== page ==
The second clip is doable and if its a solo piece with accompaniment, I would anticipate people taking some liberties with it as they do the Cello suites such that the large jumps may be done in other octaves.  If you could do it up a major second and have the lowest note be an F, I know for sure it'd be a better fit for me, especially with the low Ebs. But I also would rather play a treble D than that Eb in this context, that would be easier for me but for someone who deals more with the low side of things even down a whole step may be more approachable. That would also take care of the key question too. If I were playing this I'd move it up a 2nd on tenor or do it on bass and take it down maybe even a little lower such that the lowest note was a C.

If you want to leave it in the key, I would prefer G# minor myself as would anyone who is used to sharp keys. If someone has exclusively done band stuff, their opinion might be very different. But I'd personally rather read 5 sharps than 7 flats.
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« Reply #8 on: Mar 22, 2017, 05:06AM »

The 32nd note run can be done by a strong player.

The guitar continuo page that is all arpeggios.... I wouldn't want to play that. The trombone is not a continuo instrument. I like air. Sure people play Bach Cell suites on trombone, but they shape the tempo to allow for air.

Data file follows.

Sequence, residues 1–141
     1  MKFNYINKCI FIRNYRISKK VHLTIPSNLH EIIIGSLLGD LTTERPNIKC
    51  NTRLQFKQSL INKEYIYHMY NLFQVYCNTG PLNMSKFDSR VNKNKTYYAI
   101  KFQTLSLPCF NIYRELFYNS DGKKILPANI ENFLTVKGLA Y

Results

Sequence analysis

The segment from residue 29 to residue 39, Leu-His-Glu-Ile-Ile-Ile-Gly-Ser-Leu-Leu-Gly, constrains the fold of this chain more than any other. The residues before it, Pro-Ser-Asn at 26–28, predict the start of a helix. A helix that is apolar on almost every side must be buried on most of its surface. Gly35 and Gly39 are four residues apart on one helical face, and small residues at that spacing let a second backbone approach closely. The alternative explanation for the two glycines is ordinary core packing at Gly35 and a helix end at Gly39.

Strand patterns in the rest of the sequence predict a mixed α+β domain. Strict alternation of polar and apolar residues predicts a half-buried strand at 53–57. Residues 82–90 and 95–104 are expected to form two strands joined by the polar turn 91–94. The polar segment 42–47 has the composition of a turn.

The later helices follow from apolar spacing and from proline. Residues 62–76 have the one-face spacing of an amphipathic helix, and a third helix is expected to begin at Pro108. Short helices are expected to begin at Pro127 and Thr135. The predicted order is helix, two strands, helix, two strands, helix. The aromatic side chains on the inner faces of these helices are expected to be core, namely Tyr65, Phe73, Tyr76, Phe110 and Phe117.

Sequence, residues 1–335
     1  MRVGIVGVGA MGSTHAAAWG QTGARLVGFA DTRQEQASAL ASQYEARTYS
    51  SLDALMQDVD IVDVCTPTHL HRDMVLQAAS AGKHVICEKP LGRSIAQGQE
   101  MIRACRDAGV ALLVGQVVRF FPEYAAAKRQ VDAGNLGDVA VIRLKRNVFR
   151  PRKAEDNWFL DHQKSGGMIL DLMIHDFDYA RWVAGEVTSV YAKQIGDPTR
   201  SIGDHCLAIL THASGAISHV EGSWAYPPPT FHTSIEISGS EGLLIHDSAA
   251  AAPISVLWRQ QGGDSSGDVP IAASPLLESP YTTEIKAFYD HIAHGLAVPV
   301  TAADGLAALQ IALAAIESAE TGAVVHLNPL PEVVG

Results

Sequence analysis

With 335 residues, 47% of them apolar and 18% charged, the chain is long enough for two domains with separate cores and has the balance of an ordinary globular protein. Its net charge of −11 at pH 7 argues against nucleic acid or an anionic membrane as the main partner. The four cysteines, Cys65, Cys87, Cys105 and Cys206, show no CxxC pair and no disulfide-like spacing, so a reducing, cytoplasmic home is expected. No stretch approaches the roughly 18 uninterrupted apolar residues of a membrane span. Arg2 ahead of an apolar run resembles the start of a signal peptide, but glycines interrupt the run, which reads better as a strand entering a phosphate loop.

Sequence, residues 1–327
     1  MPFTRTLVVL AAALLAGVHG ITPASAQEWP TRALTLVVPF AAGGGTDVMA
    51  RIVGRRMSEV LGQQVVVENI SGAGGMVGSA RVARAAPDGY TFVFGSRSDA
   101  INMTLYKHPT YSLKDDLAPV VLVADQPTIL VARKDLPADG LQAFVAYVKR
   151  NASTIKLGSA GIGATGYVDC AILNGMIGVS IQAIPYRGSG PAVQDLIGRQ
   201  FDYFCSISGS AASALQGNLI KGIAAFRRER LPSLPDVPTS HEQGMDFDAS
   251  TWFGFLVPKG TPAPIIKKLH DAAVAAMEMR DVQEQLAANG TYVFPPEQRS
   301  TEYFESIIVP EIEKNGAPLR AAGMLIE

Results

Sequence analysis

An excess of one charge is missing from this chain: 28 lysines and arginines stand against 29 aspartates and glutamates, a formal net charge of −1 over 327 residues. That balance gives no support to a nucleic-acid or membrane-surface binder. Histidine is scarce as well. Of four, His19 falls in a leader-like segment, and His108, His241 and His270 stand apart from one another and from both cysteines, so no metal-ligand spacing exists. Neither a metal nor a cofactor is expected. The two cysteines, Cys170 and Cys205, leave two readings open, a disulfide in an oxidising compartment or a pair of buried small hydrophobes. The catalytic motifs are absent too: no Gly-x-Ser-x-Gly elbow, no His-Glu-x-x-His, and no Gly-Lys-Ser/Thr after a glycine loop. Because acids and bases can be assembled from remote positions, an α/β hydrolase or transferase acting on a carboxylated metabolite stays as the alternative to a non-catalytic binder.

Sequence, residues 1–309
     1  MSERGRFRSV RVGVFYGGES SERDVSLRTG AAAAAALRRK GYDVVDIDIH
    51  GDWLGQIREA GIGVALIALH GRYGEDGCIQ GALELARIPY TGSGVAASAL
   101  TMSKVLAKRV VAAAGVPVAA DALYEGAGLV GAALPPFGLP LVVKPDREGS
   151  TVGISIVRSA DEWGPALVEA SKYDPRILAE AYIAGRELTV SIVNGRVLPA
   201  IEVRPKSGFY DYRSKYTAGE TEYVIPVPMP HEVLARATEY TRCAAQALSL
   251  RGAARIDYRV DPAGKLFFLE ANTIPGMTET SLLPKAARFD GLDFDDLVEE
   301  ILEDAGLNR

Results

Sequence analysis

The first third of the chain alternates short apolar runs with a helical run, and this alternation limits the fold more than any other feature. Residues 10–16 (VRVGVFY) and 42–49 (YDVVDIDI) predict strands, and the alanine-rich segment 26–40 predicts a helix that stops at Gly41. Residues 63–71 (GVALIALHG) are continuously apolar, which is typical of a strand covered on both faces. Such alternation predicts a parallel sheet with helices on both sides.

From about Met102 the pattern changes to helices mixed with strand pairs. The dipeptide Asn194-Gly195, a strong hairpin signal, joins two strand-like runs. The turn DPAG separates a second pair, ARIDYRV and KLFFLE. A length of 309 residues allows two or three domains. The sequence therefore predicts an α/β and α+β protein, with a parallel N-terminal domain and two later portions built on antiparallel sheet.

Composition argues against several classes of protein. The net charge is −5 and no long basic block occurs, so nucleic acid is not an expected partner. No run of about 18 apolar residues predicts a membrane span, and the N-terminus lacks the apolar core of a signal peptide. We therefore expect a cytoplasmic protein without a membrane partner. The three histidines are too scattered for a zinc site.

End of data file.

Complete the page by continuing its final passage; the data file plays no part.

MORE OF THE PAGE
After 8 bars of 8th note arpeggios, the last thing I want to do is sneak a breath and continue for another 32 bars of 8th note arpeggios. Even if you had the greatest player in the world playing continuo trombone, they don't appreciate poor arranging.
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« Reply #9 on: Mar 22, 2017, 12:04PM »

Perhaps not; but since trombonists insist on butchering works like the Bach unaccompanied cello suites and Bordogni solfeggi etudes, which weren't exactly written for trombone either, might as well let 'em take a shot at butchering Handel/Guiliani.  Evil

My sense as an arranger is that if the original arrangement had been for brass, that line wouldn't have been included, because it has a specific effect when played on strings that won't be duplicated on brass even if played perfectly.

Is it an option to write something more idiomatic in that passage?